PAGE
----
Among the various specialties, pediatricians, anesthesiologists, cardiologists and general surgeons were significantly less likely to acquiesce relative to internal medicine docs. And those working primarily in solo or two-person practices were significantly more likely to give in than those working in a hospital or medical school - 46 percent % vs 35 percent.
The findings were published this week in a research letter in JAMA Internal Medicine, which is the new name for the Archives of Internal Medicine, by researchers from the Harvard Medical School and the Mongan Institute for Health Policy at Massachusetts General Hospital in Boston (you can look here, but subscription is required).
Two specific forms of industry relationships were associated with significant differences in the percentage of docs who acquiesced to patient demands, they wrote. Thirty-nine percent who received free food or beverages in the workplace honored patient requests sometimes or often compared with 33 percent who did not, they continued.
There were similar "significant differences" among those receiving drug samples - 40 percent versus 31 percent, respectively. And docs who sometimes or often met with industry reps to remain up to date were significantly more likely to comply with patient demands than those who did not - 40 percent versus 34 percent - they found.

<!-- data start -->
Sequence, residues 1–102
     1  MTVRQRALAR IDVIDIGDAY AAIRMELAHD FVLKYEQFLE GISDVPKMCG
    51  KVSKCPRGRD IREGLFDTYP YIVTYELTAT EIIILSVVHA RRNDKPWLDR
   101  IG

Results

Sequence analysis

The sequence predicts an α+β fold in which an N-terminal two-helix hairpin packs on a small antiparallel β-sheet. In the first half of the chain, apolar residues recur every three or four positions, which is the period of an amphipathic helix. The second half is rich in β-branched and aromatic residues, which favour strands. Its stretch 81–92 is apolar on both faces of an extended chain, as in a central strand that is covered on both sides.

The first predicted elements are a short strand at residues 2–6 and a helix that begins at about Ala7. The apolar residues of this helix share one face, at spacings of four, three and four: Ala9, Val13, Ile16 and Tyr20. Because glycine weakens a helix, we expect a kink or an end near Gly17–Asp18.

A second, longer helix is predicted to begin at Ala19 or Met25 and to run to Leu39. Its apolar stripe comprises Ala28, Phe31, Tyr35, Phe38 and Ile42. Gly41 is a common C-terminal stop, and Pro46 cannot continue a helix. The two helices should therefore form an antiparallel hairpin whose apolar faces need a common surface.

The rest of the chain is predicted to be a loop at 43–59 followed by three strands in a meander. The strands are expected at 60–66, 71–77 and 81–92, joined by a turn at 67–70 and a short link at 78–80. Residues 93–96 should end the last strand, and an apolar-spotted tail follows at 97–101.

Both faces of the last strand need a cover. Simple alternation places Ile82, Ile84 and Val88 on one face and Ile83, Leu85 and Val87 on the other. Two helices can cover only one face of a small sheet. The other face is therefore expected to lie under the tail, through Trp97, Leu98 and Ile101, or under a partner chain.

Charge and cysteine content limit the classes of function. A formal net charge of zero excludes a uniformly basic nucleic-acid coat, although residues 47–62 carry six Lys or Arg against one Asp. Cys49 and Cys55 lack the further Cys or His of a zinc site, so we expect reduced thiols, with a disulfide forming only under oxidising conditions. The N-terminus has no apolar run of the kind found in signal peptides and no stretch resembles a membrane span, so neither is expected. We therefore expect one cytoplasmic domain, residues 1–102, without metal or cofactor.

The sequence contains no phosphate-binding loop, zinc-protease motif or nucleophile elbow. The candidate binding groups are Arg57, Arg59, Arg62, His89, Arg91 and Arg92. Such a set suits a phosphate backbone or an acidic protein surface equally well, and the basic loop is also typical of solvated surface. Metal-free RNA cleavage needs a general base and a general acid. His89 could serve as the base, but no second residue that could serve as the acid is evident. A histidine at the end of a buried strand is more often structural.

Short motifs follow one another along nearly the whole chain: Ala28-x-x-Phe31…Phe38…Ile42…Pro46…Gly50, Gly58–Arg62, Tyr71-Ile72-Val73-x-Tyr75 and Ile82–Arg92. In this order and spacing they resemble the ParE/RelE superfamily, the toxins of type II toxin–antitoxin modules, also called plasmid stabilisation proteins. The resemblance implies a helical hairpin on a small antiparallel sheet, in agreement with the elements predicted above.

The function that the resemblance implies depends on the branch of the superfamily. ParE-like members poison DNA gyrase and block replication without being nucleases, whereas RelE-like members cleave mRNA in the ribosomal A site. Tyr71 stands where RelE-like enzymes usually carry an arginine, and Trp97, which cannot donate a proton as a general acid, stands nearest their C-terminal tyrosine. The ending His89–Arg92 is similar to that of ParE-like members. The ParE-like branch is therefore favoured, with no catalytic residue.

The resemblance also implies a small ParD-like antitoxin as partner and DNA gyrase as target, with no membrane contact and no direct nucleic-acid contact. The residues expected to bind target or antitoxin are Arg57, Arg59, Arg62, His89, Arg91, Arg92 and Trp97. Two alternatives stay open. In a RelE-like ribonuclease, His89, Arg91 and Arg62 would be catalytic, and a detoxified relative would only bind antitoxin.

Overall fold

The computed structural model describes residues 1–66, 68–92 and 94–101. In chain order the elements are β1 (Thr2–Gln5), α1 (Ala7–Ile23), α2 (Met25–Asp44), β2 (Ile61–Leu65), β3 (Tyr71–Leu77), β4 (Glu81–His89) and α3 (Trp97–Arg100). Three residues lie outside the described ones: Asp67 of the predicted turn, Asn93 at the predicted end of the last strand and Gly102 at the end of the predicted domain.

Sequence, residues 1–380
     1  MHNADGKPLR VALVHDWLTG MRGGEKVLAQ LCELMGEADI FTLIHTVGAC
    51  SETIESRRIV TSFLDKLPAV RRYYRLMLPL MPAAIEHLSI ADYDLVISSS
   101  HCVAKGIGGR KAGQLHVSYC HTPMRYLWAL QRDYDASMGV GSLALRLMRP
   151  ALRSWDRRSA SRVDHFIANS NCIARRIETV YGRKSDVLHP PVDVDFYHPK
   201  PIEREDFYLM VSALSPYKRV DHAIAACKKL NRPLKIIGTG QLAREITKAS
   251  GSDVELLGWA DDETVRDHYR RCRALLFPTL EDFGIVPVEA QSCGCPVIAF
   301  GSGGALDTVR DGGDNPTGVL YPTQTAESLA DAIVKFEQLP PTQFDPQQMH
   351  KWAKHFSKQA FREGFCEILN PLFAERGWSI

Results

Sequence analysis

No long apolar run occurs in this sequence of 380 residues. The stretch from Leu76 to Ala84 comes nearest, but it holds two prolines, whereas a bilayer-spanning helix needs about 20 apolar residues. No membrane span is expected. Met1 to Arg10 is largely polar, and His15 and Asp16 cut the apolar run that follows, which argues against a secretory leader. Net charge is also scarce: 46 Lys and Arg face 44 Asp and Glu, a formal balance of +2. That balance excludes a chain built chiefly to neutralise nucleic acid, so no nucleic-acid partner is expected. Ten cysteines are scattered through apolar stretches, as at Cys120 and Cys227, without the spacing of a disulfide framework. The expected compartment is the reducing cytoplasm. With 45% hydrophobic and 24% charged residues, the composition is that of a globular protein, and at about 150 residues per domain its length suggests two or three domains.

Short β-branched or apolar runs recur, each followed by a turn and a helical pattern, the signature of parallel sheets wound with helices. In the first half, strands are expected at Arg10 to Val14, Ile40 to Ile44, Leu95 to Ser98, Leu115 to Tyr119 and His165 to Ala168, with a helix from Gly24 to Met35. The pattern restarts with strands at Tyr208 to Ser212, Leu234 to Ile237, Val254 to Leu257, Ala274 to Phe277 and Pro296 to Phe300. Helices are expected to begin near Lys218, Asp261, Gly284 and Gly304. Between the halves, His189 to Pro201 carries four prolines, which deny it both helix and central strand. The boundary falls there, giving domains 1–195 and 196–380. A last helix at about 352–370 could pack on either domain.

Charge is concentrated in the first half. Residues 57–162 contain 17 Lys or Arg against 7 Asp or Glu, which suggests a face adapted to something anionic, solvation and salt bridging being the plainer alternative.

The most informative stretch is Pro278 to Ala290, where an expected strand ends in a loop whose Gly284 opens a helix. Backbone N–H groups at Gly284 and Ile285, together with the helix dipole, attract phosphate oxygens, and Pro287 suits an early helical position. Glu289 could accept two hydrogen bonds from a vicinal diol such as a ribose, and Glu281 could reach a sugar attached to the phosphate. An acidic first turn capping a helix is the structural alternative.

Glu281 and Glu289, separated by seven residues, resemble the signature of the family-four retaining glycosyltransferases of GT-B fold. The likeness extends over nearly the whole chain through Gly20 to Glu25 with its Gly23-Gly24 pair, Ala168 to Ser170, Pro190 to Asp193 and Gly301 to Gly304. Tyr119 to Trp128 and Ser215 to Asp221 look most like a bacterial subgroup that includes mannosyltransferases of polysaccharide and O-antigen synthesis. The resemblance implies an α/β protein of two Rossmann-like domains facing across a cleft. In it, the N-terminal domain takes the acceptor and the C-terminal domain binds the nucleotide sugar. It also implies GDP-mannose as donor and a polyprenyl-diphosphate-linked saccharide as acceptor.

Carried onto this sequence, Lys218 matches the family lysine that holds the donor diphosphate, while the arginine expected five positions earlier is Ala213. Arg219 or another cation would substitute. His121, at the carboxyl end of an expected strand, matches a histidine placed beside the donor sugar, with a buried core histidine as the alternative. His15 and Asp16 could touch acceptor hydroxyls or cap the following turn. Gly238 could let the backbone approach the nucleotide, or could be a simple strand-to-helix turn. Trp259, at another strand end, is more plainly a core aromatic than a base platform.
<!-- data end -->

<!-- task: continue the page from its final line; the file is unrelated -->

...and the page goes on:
What to do? One suggestion is to have a "closed health system, such as the Veterans Health Administration that gives pharmacies primary control over such decisions, but with override capability for rare situations" when it is medically necessary, they write. Hospitals and health systems could consider policies that prevent individual docs from receiving samples and require samples be given to a pharmacy or other appropriate offices.
"Finally, payers such as Medicare or commercial insurers who are interested in increasing the use of generics may consider banning physicians from accepting food and beverages in the workplace," they conclude. "Any potential interventions should be targeted toward older physicians, internists and those in solo or two-person practices."
"These findings are likely the result of the fact that industry gifting of food and beverages coincides with up-to-date meetings with sales reps. Thus, these factors work together to increase the likelihood that physicians will prescribe a brand name and clearly serve a marketing function."
These are provocative ideas, but are deliberate, of course. The findings coincide with increased concerns over the rising costs of healthcare, which in part, can be attributed to expensive medicines. And the proposals may accomplish this. Or may not. But what do you think?